US Supreme Court backs religious groups over New York virus curbs

Lawrence Hurley, Reuters

Posted at Nov 26 2020 02:44 PM

US Supreme Court backs religious groups over New York virus curbs 1
A Sunday service at St. Agatha Roman Catholic Church in New York, Oct. 24, 2020. Religious services were shut down by New York state at the end of March and were not allowed to resume until June. Since reopening, churches, synagogues and mosques throughout the city have mandated masks, limited the number of people in each service, employed strict cleaning regimens and abbreviated the length of services. James Estrin, The New York Times/File

WASHINGTON - The US Supreme Court late on Wednesday backed Christian and Jewish houses of worship challenging New York state's latest restrictions in novel coronavirus hot spots.

The court on a 5-4 vote granted requests made by the Roman Catholic Diocese of Brooklyn and 2 Orthodox Jewish congregations.

The order marked one of the first consequential actions on the court of President Donald Trump's new appointee, conservative Justice Amy Coney Barrett, who cast a deciding vote in favor of the religious groups. Conservative Chief Justice John Roberts dissented along with the court's 3 liberals.

An Oct. 6 decision by New York Governor Andrew Cuomo shut down non-essential businesses in targeted areas where infections have spiked, including some Brooklyn neighborhoods. It limited gatherings at religious institutions to 10 people in some areas and 25 in others.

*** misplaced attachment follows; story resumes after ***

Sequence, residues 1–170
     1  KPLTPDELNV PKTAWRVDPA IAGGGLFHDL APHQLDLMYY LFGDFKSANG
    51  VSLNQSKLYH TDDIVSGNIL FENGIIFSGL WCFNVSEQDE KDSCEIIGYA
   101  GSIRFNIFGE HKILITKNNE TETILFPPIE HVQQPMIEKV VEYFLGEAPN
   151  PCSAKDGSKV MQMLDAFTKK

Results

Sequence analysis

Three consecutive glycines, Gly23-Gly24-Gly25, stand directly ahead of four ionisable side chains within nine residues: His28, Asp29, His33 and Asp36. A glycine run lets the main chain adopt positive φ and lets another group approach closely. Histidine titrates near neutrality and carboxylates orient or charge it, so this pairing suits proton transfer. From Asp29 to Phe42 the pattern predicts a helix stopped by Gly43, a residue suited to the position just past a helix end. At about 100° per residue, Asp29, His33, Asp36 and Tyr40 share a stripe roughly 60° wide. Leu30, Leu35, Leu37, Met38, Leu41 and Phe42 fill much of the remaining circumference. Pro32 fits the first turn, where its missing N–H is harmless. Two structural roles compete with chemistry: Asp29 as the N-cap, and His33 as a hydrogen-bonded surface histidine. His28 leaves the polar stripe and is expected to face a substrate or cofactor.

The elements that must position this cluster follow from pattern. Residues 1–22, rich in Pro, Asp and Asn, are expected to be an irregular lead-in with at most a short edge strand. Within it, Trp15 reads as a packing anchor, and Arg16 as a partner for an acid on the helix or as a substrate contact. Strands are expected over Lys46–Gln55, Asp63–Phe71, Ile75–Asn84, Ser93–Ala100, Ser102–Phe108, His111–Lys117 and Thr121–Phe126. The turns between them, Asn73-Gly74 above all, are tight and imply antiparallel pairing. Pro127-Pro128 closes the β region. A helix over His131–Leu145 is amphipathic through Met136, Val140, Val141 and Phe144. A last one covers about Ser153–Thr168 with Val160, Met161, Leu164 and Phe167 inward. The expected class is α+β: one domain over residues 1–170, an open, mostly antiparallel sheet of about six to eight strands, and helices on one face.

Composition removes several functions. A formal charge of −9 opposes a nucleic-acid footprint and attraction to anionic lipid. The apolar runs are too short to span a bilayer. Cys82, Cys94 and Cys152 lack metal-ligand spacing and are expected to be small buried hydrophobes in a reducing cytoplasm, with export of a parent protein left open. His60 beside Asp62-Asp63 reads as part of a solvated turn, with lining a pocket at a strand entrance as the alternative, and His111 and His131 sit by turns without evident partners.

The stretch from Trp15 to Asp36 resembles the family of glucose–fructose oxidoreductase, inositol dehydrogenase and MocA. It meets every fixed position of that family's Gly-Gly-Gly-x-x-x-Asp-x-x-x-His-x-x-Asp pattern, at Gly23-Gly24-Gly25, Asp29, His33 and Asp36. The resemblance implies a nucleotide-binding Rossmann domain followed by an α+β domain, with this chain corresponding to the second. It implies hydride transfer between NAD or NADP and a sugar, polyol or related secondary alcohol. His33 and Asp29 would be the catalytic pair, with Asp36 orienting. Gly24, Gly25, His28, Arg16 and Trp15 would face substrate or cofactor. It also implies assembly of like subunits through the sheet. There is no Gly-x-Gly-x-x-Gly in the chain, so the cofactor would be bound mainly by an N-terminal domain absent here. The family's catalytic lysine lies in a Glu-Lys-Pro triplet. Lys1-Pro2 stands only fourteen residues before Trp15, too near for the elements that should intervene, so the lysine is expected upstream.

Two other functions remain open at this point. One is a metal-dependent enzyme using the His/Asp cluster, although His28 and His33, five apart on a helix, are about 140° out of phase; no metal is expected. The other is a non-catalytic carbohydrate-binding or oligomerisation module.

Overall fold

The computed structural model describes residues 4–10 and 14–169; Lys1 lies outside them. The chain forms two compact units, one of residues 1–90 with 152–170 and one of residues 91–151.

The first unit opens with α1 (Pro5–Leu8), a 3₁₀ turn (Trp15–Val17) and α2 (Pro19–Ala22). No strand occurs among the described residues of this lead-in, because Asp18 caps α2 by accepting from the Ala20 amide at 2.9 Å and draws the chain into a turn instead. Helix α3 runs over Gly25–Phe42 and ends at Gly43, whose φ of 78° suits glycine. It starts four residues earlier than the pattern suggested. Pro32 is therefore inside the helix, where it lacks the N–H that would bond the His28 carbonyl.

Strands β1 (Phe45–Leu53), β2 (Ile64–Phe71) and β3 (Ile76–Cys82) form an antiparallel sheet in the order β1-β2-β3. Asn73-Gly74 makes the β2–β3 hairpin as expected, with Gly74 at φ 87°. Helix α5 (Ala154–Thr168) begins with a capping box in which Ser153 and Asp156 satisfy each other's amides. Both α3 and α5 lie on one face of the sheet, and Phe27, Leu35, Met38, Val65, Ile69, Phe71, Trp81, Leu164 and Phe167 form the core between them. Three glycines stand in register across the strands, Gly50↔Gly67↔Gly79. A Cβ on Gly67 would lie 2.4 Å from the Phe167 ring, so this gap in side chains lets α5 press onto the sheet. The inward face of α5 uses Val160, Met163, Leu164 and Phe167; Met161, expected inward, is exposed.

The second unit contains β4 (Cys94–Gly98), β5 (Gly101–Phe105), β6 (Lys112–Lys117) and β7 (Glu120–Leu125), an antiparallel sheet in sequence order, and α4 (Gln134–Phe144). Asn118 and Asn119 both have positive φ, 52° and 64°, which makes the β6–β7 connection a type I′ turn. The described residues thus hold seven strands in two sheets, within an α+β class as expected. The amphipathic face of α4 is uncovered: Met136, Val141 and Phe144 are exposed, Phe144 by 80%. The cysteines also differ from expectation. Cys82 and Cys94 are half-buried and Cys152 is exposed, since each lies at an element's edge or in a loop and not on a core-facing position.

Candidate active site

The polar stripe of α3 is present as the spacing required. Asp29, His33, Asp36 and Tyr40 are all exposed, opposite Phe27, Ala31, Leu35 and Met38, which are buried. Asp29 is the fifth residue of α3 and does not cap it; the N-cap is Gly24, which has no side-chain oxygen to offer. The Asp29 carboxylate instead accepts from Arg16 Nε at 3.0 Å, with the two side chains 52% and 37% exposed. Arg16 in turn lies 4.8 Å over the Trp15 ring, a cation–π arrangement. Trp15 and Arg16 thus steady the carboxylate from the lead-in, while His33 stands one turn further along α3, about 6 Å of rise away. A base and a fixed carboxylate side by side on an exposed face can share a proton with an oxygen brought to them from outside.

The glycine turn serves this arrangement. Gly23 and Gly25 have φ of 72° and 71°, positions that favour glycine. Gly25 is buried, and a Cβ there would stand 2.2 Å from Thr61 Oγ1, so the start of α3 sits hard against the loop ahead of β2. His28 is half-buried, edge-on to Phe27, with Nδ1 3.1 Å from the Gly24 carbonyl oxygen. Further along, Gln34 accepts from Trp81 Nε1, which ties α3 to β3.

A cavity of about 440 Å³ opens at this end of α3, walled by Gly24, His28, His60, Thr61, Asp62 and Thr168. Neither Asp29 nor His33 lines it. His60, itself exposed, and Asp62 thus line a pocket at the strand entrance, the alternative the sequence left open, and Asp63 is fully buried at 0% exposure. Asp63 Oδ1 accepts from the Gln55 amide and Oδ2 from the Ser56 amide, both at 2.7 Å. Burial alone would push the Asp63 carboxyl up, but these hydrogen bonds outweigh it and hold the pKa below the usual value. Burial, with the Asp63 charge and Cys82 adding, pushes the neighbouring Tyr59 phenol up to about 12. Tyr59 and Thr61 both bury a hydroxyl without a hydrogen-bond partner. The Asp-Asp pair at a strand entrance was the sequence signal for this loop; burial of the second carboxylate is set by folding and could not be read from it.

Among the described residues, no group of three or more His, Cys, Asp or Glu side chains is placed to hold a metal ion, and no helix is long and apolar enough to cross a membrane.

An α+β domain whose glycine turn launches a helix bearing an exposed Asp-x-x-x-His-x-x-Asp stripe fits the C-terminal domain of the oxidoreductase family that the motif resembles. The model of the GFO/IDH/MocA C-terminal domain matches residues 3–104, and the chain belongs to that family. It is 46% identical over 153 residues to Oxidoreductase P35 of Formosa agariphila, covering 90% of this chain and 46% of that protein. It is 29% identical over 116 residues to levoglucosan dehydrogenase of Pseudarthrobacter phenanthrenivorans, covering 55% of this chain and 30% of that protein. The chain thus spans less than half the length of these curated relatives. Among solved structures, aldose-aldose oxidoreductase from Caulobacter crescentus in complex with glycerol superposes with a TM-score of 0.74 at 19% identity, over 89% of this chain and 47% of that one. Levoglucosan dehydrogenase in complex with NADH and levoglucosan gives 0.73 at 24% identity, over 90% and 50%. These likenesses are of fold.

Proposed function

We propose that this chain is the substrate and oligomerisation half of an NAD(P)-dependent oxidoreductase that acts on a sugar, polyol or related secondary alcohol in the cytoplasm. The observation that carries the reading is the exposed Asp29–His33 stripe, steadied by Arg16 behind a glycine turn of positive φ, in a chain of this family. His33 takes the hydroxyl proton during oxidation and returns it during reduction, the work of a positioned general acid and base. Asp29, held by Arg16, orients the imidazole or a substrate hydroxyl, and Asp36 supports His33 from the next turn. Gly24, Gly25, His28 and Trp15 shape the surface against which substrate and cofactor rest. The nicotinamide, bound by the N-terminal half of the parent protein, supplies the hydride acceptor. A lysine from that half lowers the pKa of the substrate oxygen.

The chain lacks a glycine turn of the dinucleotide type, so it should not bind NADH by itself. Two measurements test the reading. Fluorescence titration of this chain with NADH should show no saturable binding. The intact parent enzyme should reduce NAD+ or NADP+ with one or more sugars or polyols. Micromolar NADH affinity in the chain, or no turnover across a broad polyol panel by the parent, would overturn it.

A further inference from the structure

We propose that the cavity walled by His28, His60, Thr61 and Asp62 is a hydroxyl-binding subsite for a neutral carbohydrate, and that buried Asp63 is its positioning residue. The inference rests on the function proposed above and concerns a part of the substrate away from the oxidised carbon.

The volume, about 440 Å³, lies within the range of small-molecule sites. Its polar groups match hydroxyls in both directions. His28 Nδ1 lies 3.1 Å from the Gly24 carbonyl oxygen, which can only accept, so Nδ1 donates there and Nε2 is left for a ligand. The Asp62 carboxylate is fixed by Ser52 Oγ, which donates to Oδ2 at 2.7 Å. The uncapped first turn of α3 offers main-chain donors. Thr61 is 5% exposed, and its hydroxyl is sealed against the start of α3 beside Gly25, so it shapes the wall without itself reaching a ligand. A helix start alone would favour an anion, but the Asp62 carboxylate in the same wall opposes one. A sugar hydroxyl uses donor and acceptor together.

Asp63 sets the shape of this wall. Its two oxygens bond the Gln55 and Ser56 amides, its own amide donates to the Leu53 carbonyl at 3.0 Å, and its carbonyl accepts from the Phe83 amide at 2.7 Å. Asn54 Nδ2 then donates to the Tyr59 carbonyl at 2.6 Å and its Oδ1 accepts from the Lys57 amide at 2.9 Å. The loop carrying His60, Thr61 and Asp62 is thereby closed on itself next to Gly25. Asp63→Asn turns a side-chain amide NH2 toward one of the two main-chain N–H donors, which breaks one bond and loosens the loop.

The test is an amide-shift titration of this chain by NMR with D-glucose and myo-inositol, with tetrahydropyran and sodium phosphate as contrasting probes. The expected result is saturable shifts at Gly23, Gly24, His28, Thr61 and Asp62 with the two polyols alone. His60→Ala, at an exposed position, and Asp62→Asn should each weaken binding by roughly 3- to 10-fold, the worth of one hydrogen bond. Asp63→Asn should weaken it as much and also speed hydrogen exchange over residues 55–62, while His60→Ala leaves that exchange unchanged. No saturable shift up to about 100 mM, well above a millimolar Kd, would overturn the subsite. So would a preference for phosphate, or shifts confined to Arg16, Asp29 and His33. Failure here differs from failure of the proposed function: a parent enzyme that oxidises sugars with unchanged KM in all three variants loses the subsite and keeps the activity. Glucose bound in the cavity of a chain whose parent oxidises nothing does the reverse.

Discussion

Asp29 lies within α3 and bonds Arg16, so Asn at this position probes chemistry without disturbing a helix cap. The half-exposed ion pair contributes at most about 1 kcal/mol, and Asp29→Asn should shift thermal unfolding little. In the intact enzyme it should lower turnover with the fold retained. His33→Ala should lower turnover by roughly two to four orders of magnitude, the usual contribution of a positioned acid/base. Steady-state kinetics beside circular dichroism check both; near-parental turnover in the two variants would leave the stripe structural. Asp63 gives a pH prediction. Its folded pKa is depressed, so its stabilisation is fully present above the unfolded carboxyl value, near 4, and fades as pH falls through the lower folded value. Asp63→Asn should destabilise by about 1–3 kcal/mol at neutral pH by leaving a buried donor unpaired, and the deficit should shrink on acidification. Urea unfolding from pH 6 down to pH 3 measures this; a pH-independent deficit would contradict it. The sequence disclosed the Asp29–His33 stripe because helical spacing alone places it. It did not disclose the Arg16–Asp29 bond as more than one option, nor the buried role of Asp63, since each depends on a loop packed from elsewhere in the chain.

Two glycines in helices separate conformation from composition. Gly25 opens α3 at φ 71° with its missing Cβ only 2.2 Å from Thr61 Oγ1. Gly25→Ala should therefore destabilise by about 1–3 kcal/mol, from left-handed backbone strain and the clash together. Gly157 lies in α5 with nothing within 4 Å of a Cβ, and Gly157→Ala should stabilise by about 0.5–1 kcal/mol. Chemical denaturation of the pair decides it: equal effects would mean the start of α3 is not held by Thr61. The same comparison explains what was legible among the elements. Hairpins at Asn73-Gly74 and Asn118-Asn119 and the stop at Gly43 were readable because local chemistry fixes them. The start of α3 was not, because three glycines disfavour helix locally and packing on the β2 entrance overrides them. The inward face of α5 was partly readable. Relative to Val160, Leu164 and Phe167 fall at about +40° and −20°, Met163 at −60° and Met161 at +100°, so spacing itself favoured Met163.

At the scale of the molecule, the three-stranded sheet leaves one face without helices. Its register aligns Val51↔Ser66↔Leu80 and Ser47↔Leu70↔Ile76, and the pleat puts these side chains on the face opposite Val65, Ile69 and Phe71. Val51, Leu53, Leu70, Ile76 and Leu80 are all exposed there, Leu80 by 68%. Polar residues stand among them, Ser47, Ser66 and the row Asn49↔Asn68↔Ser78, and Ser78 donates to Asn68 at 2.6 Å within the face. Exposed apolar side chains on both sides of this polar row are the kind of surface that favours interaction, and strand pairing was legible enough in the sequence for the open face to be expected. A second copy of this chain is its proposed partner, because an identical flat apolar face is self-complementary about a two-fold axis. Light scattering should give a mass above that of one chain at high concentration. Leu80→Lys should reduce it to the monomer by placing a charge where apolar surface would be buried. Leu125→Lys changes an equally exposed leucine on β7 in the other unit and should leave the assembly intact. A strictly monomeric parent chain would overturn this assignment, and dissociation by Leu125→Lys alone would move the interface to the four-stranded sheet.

The houses of worship say that the limits violated religious freedoms protected by the US Constitution’s First Amendment, and that their facilities were singled out for more stringent restrictions than essential businesses, such as food stores. 

The Orthodox congregations include Agudath Israel of Kew Garden Hills and Agudath Israel of Madison, as well as nationwide Orthodox Jewish group Agudath Israel of America.

A federal judge in Brooklyn rejected separate requests made by the religious groups on Oct. 9. The New York-based 2nd US Circuit Court of Appeals declined emergency requests filed by both sets of challengers on Nov. 9.

In 2 previous cases this year, the court on 5-4 votes turned away similar requests by churches in Nevada and California.

Those votes occurred before the death of liberal Justice Ruth Bader Ginsburg and saw her and her 3 liberal colleagues joined by Roberts in the majority.


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